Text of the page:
For the hover effect demonstrated above, when the mouse moves out of the element, it will reverse the effect, so that any time the property changes value the animation will simply start again with the current position as the from value and the new value as the target. Two key tips to remember about transitions: they are intrinsic animations; as such, any scripts and stylesheets can be written as usual and the animations will simply occur unconditionally as the properties change values. And they degrade gracefully, in cases where browsers do not support transitions, the elements plainly will not animate, otherwise all code and style properties can remain.

Animation of property types describes how each property type undergoes transition or animation; the list of thirteen includes color, length, percentage, integer, visibility, shadow, gradient, paint server, and a shorthand property. The transition property can be applied to many properties from CSS, and they are displayed by property name and type in the CSS Transitions Module Level 3 Properties from CSS Table.


The -webkit- for Safari and Chrome has added a nifty transition and transform property effect. In the next example, this effect will render animage with a simple spin effect. Here is the image source code:

<img src="images/Figure_B.gif" style="-webkit-transition: -webkit-transform 3s ease-in" onclick="'rotate(360deg)'">

Figure B is the gif image:

The following HTML with the styling webkit prefixes for Chrome and Safari includes a transition and a transform effect with a 3 second ease-in and defined 360 degree rotation:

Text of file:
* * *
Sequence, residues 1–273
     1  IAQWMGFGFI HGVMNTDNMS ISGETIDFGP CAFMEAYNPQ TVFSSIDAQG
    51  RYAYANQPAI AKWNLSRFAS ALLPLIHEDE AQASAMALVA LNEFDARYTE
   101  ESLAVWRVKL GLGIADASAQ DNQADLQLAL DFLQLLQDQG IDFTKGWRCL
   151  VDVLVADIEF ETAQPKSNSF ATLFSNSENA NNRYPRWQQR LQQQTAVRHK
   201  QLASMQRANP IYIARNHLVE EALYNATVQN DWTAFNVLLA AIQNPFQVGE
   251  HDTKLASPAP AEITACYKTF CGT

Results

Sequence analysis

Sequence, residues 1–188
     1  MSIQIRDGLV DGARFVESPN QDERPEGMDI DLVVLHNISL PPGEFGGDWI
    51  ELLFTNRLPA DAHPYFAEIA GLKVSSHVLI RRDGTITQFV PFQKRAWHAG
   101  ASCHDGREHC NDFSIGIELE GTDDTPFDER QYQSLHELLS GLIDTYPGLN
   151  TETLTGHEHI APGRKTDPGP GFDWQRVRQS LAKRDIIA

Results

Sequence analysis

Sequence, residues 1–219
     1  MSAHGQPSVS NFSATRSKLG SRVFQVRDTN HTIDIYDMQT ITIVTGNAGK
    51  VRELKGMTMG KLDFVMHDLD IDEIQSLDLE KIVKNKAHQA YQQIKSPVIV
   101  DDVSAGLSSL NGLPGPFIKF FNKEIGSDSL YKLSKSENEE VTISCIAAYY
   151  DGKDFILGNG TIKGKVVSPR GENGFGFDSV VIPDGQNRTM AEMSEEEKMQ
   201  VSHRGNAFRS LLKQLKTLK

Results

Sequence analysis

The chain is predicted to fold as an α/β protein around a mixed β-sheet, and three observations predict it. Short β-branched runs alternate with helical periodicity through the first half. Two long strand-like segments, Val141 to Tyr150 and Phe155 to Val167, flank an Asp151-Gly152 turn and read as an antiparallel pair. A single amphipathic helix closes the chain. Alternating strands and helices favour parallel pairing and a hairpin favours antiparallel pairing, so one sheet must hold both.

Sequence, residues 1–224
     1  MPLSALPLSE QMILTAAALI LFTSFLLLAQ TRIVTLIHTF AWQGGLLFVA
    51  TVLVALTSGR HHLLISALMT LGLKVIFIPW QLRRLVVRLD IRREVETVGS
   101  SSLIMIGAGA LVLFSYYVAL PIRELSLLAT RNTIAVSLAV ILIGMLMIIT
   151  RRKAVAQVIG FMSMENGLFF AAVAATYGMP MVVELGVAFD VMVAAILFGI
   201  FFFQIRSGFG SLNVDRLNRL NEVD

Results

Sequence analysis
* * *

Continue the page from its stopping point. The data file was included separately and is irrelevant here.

<img src="images/Figure_B.gif" style="-webkit-transition: -webkit-transform 3s ease-in" onClick="'rotate(360deg)'">

Figure C (left) shows the rotation that occurs as a graphic; for reference, I have added a dark blue dot to aid in following along in the sequence of the image as it rotates 360° in a clockwise spin during the transition and transform effect as displayed in Chrome 14.0.8. The working example of the image rotation effect can be demonstrated live from the link provided at the end of this blog post in Safari and Chrome.

Next is another example of the same transform effect applied to a paragraph using the following HTML:

 <p style="-webkit-transition: -webkit-transform 3s ease-in" onClick="'rotate(360deg)'">This paragraph will spin upon first click!</p>

Figure D below shows the result in Chrome 14.0.8; the paragraph will spin 360° in a clockwise rotation once clicked:

The example above can be demonstrated from the link provided at the end of this blog post in the Chrome browser.

One more transform example demonstrates rotating an element 90° with it’s origin at the bottom left. This example uses the Firefox prefix in the following CSS3:

.transform_example {
      -moz-transform: rotate(90deg);
      -moz-transform-origin: bottom left;

Here is the HTML used:

<article class="transform_example">
<p>This paragraph is rotated 90 degrees!</p>

Figure E (right) shows the results in Firefox 7.0.1:

To view the examples above in HTML, download the Zip file from this link, which contains the CSS code, images, and HTML. Note that not every example works in every browser – view in the browsers as noted above for each example.

Future CSS3 segments will feature more properties which can be implemented today or in the near future, and I will also review modernizer which is a great way to incorporate IE support for CSS3 and HTML5 using JavaScript.